Louis Stettner, Pepe and Tony Series, 1956
Louis Stettner
Tony, «Pepe and Tony, Spanish Fishermen», Ibiza, Spain, 1956
Colecciones Fundación MAPFRE
© Louis Stettner Estate

Louis Stettner

From 6 June to 15 September 2024

Discover the exhibition

Louis Stettner (1922-2016) saw photography as an instrument of social change through which he celebrated life and showed the courage of men and women to face the goodness and adversities of existence with dignity.

His experiences as a photographer during World War II and his solid faith in humanity had a significant influence on his social and committed photography. His relationship with the Photo League, with photographers like Sid Grossman and Weegee, and his passion for literature and philosophy had a significant impact on his work. With this celebratory vision of the human condition as a common ground, Stettner’s work covers a multitude of subjects, from almost empty urban environments to bustling scenes of the New York subway, the routine of workers and laborers or the mountainous landscapes of the French Alpilles massif, already in his last period.

Organized chronologically, the exhibition presents more than 190 photographs, including some unpublished images and part of his almost unknown colour work, to offer, in short, a complete retrospective of his career and the recognition that his work deserves.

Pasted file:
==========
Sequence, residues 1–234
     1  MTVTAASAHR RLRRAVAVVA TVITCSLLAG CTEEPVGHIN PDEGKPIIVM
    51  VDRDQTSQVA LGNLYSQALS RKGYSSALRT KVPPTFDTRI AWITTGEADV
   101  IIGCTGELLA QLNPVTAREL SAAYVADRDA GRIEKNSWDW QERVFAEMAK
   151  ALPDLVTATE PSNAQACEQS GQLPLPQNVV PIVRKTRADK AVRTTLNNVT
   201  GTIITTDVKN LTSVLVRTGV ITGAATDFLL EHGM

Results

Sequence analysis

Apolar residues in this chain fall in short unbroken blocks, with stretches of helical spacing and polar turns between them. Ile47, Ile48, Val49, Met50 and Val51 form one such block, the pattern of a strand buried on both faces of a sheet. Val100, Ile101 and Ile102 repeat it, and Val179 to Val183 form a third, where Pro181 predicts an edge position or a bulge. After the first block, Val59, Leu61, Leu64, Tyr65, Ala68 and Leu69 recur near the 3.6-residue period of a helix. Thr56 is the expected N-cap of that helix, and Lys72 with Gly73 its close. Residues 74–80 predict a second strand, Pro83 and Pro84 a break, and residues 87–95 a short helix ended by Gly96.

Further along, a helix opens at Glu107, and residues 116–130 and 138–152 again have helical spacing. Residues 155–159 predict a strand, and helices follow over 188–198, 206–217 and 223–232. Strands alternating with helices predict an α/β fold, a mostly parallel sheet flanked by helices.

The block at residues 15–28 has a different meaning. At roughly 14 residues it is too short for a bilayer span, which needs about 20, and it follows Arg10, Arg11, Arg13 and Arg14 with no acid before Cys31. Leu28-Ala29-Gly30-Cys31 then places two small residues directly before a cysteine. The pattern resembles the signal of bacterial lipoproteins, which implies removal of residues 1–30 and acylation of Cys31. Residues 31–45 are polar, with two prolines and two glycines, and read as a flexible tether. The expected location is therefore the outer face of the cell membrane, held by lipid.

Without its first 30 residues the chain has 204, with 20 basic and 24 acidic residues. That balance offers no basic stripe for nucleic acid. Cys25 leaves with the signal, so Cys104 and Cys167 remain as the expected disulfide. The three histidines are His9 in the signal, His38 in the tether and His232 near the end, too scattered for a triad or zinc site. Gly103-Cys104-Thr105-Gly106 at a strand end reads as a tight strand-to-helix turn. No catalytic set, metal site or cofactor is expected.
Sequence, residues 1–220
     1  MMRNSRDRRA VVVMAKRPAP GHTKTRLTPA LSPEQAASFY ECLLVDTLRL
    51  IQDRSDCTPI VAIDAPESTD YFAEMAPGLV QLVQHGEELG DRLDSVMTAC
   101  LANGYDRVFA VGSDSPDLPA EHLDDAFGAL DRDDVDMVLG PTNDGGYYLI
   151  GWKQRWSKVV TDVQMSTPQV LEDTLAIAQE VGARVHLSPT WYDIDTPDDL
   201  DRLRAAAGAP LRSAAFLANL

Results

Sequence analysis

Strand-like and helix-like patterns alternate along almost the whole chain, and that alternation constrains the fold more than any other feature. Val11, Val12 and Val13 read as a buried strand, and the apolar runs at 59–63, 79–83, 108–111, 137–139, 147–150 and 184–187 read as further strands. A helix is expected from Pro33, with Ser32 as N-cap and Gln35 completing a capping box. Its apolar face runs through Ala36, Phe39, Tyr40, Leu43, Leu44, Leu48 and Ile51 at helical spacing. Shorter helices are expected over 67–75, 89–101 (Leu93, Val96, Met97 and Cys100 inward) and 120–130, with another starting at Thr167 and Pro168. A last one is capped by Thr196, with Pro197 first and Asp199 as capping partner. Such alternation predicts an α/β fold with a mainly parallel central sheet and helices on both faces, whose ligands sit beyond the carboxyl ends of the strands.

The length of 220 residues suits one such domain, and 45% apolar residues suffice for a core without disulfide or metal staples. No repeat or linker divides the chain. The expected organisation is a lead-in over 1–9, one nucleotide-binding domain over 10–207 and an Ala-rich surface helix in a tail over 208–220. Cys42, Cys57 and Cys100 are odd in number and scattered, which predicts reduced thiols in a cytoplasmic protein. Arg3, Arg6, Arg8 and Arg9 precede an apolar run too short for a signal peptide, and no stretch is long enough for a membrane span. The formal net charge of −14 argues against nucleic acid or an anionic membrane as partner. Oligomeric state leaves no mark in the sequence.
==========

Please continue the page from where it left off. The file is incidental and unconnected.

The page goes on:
A photographer-writer

The 1950s and 1960s were characterized by a certain mistrust of photographers who wrote, possibly because they appeared to be in a position mid-way between the two disciplines. Stettner always engaged in literary activity as well as photography, writing not just about himself but also about many of his artist friends and colleagues and not only those whose work he admired. His texts were to some degree comparable to his photographs: abrupt, spontaneous, and impetuous. In the 1970s he wrote a monthly column in the magazine Camera 35 published by the Photo League, initially with the title “Speaking Out” and subsequently “A Humanist View”. Although he was a prolific writer it was not until the late date of 1979 that he published one of his photographic series in the book Sur le tas, depicting men and women at work.


One of the key figures for Stettner’s work was Walt Whitman, with whom he shared the belief that it was possible to find the beauty of the world in everyday, commonplace things. Leaves of Grass almost became his Bible and he carried a copy with him at all times. In his own words: “Whitman’s faith in his fellow human beings, his grasp of the entire life cycle and death, and his cosmic vision has been contagious to me. […] celebrates men and women and is not afraid, which is perhaps one of the reasons why I have never stopped photographing in the streets, wherever human beings are.”


KBr Fundación MAPFRE
Avenida Litoral, 30 – 08005 Barcelona


Monday (except holidays): Closed
Tuesday to Sunday (and holidays): from 11:00 a.m. to 8:00 p.m.

«I found them amidst a grinding noise, dirt, fumes and danger of accidents, to be very sensitive, innately human with a wonderful grasp of organization and immediate reality. They have always made me feel welcome and at ease … my time in the factories was one of the most meaningful experiences in my life».

Louis Stettner